Carl Upchurch was the executive director of the Council of Urban Peace and Justice in Granville, Ohio when this interview appeared. He served as national coordinator of the Gang Summit. Jim Wallis spoke with him after the event.
- The Editors
Jim Wallis : You were the one to head out on the road and begin to talk to people in different cities about the idea of a national Gang Summit. Paint the picture of how it happened. How did you become involved at the beginning?
Carl Upchurch : I was very interested in finding and embracing the leadership of the truce movements springing up around the country. I went to Los Angeles for 30 days right after the uprising to examine what was going on and to look for who actually spoke for urban America.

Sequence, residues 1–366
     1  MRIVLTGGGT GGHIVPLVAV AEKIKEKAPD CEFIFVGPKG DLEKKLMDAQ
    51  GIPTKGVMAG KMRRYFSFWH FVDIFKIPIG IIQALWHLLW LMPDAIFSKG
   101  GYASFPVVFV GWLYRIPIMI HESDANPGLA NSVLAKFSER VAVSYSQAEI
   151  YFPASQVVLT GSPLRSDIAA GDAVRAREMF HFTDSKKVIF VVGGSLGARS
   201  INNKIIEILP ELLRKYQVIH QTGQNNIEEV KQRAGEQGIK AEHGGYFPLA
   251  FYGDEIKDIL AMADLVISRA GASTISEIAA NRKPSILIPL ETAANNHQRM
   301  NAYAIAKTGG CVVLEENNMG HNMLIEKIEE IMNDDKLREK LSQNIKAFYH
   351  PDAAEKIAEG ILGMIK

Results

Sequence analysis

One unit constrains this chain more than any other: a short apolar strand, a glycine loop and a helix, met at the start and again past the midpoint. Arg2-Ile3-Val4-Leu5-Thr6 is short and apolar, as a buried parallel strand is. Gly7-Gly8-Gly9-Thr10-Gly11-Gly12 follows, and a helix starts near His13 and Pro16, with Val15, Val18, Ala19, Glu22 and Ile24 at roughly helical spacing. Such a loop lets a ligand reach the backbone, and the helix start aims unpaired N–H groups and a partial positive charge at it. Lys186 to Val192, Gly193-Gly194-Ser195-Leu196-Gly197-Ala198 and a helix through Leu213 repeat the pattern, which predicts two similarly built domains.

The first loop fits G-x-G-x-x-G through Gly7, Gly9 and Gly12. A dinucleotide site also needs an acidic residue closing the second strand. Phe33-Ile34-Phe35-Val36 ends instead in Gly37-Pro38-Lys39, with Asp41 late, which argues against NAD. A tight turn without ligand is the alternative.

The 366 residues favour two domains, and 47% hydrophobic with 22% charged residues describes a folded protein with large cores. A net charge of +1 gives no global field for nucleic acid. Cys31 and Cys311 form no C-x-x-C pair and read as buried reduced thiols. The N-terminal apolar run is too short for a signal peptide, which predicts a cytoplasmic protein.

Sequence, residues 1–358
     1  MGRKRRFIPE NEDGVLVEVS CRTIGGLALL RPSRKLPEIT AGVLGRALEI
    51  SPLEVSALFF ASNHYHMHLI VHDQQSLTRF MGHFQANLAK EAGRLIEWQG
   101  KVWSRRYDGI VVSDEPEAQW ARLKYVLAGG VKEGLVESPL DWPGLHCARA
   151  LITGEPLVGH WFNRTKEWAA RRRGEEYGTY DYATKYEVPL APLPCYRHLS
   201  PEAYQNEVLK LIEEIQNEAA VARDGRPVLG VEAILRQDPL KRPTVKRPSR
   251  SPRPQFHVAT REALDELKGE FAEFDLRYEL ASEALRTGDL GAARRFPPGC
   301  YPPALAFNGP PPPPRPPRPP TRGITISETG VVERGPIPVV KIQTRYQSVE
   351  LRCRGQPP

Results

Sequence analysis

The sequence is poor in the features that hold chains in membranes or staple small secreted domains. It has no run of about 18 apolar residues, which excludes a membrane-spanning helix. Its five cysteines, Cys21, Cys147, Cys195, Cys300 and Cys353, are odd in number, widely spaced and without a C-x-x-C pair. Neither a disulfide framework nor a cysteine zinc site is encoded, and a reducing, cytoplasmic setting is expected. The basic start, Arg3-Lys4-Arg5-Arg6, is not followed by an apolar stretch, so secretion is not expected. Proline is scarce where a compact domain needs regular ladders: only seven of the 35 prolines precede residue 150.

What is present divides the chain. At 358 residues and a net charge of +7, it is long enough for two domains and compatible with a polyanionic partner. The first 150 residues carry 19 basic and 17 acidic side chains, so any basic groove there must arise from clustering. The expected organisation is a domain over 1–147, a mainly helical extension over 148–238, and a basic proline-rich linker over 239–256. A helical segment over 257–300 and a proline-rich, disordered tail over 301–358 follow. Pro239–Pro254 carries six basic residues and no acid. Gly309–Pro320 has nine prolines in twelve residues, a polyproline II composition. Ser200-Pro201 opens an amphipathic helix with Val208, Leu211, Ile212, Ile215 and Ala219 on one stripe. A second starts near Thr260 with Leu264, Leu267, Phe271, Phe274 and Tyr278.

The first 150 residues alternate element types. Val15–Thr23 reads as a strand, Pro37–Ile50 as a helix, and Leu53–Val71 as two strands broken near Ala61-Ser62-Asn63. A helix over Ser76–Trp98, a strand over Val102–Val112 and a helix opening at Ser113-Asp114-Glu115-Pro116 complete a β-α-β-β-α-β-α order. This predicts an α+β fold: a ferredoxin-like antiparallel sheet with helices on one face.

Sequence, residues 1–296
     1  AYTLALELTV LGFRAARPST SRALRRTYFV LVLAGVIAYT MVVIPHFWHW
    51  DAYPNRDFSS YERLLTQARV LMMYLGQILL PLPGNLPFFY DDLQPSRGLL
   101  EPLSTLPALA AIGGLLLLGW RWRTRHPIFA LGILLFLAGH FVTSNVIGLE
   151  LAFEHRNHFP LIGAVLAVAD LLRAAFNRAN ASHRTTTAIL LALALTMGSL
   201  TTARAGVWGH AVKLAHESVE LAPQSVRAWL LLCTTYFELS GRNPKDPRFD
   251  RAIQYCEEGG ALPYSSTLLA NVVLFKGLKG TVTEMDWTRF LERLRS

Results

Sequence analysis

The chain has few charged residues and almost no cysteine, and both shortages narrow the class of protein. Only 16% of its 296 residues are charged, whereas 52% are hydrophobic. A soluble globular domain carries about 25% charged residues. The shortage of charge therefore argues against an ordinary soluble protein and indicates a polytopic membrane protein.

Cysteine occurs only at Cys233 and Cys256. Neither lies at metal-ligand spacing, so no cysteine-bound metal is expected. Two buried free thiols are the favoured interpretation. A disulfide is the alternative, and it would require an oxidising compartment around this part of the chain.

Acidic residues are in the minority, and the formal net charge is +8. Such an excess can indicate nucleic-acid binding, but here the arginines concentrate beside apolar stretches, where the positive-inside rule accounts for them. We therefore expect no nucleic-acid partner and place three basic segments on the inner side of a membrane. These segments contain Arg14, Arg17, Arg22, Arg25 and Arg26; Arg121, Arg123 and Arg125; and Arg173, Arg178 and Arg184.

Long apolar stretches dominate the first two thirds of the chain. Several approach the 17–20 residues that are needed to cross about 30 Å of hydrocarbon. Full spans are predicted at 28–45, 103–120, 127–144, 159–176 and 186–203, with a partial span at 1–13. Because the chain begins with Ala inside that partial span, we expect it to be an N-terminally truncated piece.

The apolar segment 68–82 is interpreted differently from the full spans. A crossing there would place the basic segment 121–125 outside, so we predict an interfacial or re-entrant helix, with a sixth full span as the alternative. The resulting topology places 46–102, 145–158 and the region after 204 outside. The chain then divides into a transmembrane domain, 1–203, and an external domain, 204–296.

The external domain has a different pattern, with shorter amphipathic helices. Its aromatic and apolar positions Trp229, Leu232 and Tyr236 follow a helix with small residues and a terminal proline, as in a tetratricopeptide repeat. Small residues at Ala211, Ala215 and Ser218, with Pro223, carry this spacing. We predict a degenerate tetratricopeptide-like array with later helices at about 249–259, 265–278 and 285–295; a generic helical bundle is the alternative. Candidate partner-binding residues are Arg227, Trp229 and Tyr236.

There was absolutely no peace and justice presence there. Those folks who had operated there for years and who had some very credible track records with regards to peace and justice nationally and internationally were not present in South Central. That was the most painful observation.
Also, the traditional civil rights organizations and the communities of faith in South Central did not have sufficient credibility to speak on behalf of those in the streets--the people demonstrating frustration over the Rodney King decision and other local inequities and injustices.
I came back from LA and wrote a report called "Voices" that attempted to document from a grassroots perspective what was actually going on there. I realized that these voices weren't being heard. I wondered, How can we connect these truce movements that I had heard were going on around the country?